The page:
The Turing test is a behavioural approach to determining whether or not a system is intelligent. It was originally proposed by mathematician Alan Turing, one of the founding figures in computing. Turing argued in a 1950 paper that conversation was the key to judging intelligence. In the Turing test, a judge has conversations (via teletype) with two systems, one human, the other a machine. The conversations can be about anything, and proceed for a set period of time (e.g., an hour). If, at the end of this time, the judge cannot distinguish the machine from the human on the basis of the conversation, then Turing argued that we would have to say that the machine was intelligent.
There are a number of different views about the utility of the Turing test in cognitive science. Some researchers argue that it is the benchmark test of what Searle calls strong AI, and as a result is crucial to defining intelligence. Other researchers take the position that the Turing test is too weak to be useful in this way, because many different systems can generate correct behaviours for incorrect (i.e., unintelligent) reasons. Famous examples of this are Weizenbaum's ELIZA program and Colby's PARRY program. Indeed, the general acceptance of ELIZA as being "intelligent" so appalled Weizenbaum that he withdrew from mainstream AI research, which he attacked in his landmark 1976 book.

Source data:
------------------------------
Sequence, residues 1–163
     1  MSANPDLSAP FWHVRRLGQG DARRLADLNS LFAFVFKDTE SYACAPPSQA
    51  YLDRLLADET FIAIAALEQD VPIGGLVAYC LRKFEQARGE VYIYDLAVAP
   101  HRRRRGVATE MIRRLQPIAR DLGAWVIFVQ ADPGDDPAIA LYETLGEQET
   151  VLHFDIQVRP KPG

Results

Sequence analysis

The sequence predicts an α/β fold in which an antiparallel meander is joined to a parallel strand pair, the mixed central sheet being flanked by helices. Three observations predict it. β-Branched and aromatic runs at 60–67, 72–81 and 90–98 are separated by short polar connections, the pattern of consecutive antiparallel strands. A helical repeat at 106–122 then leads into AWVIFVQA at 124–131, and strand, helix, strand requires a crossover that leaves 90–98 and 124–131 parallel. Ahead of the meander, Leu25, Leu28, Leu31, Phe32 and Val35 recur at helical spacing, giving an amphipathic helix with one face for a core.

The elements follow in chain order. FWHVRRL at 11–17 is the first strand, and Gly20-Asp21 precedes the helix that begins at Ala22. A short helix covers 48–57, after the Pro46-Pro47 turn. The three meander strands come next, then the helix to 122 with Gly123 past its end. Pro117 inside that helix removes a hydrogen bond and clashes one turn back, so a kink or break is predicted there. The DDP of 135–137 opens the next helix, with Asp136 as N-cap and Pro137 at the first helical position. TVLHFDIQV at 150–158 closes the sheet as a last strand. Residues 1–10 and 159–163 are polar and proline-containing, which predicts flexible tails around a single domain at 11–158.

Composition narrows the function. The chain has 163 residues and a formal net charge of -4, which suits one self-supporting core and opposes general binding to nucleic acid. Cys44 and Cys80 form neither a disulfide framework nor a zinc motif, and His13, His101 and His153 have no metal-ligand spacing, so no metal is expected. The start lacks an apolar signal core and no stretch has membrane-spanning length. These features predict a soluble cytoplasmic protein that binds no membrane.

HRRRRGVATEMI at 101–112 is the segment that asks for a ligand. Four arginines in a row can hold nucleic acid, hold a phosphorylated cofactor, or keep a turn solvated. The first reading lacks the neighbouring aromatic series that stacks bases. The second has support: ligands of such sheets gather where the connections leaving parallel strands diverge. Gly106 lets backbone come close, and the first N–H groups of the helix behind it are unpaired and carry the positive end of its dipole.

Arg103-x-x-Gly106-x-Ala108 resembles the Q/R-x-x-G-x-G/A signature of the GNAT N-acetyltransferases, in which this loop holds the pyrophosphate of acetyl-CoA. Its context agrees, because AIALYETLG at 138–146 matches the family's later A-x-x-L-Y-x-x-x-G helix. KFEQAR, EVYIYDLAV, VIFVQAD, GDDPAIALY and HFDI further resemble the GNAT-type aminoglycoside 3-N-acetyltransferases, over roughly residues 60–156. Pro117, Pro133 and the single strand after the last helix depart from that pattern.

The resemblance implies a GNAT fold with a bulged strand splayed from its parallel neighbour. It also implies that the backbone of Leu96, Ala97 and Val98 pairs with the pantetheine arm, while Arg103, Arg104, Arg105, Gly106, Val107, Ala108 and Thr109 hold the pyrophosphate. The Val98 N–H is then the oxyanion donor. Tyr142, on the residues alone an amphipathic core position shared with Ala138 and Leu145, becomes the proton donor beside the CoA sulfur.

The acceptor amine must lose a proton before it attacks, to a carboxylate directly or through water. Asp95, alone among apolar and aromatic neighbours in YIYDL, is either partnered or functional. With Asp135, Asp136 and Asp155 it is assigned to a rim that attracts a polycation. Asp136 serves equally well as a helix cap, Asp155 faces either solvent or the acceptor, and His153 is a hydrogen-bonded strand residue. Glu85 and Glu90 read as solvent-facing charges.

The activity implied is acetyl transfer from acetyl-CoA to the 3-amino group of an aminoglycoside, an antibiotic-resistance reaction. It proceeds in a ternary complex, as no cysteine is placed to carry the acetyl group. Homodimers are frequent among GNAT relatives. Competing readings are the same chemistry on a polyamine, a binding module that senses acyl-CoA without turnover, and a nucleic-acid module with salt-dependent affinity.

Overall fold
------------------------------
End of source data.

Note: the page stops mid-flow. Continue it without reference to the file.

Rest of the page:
- Colby, K.M. et al. (1972) Artificial paranoia. Artificial Intelligence, 2, 1-26.
- Colby, K.M. et al. (1973) Turing-like undistinguishability tests for the validation of a computer simulation of paranoid processes. Artificial Intelligence, 3, 47-51.
- Turing, A.M. (1950). Computing machinery and intelligence. Mind, 59, 433-560.
- Weizenbaum, J. (1976). Computer power and human reason. San Francisco, CA: W.H. Freeman.
University of Alberta Cognitive Science Dictionary
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